The objective of the course is to study the nature and scope of the problem and its causes and possible cures. Strategies, policies, and approaches designed to address this public health disaster will be explored. Lessons learned from the past efforts by the U.S. and other nations to address similar public health crises will be identified and the applicability of these lessons to the current crisis will be discussed.

To register, click on https://opce.catalog.auburn.edu/courses/c180716h or call 334-844-5100.

Endorsements from Students Taking the Courses
in the Emergency Management Certificate Program
  Taught by Dr. Gordon Through 2017

Participants in the courses come from widely varying backgrounds. They have included Local, State and Federal government agency officials; Fire Chiefs and Fire Department officials, Police Department , local and regional Emergency Management Directors and officials, and other individuals in roles of public responsibility for emergency management, homeland security, and public safety , including, officers in the military, University officials responsible for health, safety, and security; and individuals in academia including those responsible for curriculum development.

• From a Federal official with responsibilities for emergency management and emergency planning:

I think this is a great course….. I would recommend for anyone involved in the emergency management field or involved with emergency planning. I would definitely want my staff to take this course….

• From an official of a large university with responsibilities for campus-wide Public Safety Information & Education:

This course has really helped me realize the impact on planning and preparedness of the differences in catastrophic and non-catastrophic events, and has helped me feel more equipped to address the planning challenges related to catastrophic events. In the past, I have focused mainly on technical and operational issues, but I can now see the importance of the broader perspective. It has also really emphasized to me the importance of understanding complex problems and the value of generalists, who can lead multi-disciplinary teams of experts in finding solutions to these complex problems facing emergency management today.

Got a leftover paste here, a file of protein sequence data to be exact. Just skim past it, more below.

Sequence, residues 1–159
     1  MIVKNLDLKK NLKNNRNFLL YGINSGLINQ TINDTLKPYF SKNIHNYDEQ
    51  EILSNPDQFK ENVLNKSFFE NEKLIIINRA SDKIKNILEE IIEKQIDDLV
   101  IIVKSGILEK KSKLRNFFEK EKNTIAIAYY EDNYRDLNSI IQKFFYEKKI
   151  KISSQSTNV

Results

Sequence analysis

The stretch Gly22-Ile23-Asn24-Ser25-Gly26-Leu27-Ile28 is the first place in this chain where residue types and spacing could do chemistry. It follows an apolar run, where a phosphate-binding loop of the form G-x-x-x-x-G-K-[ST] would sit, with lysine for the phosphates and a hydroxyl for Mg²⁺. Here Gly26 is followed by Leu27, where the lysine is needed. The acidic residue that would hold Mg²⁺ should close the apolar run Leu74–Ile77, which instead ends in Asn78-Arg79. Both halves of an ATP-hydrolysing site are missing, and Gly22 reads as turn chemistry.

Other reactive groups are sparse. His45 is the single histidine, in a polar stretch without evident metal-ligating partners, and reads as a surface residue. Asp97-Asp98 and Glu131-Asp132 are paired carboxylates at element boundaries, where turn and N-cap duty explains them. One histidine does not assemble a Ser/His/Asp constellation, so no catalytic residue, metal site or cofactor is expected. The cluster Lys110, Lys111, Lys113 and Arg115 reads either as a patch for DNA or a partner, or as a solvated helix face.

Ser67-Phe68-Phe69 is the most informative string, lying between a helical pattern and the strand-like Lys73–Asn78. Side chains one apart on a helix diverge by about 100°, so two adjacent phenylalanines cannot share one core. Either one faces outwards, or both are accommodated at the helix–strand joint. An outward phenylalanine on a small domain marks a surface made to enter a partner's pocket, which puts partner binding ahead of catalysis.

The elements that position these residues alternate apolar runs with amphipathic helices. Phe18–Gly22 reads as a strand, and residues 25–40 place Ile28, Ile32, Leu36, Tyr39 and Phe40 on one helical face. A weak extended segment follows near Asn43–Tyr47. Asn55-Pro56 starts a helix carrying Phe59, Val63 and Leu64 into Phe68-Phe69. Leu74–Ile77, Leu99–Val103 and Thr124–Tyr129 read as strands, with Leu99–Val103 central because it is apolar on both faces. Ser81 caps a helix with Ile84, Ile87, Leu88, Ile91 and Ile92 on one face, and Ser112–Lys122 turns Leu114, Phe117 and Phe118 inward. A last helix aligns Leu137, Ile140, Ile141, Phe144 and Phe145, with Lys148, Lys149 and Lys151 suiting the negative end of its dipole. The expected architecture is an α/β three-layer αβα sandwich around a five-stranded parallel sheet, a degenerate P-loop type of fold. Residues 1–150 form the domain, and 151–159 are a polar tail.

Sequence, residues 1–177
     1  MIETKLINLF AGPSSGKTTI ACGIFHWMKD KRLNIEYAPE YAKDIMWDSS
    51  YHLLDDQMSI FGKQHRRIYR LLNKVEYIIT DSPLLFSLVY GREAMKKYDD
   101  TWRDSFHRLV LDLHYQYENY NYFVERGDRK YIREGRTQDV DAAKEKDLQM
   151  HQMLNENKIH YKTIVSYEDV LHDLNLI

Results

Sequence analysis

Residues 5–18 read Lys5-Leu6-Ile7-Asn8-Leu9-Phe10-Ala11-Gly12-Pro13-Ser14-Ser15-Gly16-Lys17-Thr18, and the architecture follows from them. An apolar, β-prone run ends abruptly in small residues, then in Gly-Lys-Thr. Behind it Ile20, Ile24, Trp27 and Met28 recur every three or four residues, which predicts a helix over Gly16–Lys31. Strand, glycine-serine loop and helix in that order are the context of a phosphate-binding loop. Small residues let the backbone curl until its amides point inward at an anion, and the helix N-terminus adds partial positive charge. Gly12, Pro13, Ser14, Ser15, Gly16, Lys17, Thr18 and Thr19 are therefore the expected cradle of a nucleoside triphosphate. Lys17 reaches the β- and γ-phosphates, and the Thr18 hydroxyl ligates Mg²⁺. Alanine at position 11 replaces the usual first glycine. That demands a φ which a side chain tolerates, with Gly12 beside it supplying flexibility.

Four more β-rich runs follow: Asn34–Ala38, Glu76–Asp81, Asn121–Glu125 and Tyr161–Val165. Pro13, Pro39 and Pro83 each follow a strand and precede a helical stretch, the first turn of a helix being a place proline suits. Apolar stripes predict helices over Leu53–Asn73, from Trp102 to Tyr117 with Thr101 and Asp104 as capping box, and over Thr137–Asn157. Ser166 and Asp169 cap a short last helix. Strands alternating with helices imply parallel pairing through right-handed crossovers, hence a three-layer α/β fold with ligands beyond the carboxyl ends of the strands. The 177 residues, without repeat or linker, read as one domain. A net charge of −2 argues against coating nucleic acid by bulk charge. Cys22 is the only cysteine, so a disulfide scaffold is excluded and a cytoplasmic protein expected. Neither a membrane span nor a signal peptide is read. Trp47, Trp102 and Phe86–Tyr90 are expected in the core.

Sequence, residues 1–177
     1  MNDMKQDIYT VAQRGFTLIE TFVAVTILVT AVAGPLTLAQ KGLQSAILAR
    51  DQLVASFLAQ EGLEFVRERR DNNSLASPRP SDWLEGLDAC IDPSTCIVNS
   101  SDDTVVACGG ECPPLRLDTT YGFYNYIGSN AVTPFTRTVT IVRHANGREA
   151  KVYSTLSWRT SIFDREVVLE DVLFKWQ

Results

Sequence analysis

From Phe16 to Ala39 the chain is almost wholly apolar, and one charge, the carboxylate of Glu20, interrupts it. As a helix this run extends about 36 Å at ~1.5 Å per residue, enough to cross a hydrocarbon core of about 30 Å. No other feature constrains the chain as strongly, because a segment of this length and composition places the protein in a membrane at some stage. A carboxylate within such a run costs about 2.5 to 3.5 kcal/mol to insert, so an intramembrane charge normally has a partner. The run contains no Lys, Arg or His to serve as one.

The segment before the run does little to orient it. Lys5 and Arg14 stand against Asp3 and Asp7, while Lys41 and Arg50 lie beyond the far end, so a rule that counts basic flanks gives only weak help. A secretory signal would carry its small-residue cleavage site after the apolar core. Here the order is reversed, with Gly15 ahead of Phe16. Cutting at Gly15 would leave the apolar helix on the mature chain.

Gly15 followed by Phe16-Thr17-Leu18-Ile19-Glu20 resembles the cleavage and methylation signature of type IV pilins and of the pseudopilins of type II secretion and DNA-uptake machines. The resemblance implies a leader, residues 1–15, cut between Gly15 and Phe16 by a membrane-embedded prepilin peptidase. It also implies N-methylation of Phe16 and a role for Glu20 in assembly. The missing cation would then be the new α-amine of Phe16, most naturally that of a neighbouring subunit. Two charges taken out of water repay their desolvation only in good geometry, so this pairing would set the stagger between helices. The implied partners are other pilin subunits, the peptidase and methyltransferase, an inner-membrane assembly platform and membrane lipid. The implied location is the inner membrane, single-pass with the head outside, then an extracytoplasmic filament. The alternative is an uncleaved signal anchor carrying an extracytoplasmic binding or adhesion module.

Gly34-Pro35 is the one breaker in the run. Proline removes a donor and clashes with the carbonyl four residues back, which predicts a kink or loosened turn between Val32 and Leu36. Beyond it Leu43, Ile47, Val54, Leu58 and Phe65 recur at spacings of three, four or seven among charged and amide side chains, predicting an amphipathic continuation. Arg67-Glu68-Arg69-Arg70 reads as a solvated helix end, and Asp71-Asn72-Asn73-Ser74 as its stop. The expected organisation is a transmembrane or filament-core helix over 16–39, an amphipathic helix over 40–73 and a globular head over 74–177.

From a retired military officer currently pursuing a Master’s Degree in Emergency Management:

This course has shown me that there is so much information available if you simply look or ask for it. One of the main things I took away from this course is that flexibility is absolutely essential. There are so many variables that it is impossible to plan for every single situation. Even disasters that are classified the same, such as earthquakes, are very different as pointed out by Timothy Manning from a geologist perspective. I think if you understand that there is no “one size fits all” accompanied with a solid foundation of knowledge, flexibility will provide the necessary ingredient to be successful. Secondly, mitigation and preparedness are extremely critical when it comes to disasters/threats. Proper preparedness and mitigation starts with each individual and if everybody does their part, the end-result will be very different from those communities that lack mitigation practices and a preparedness plan.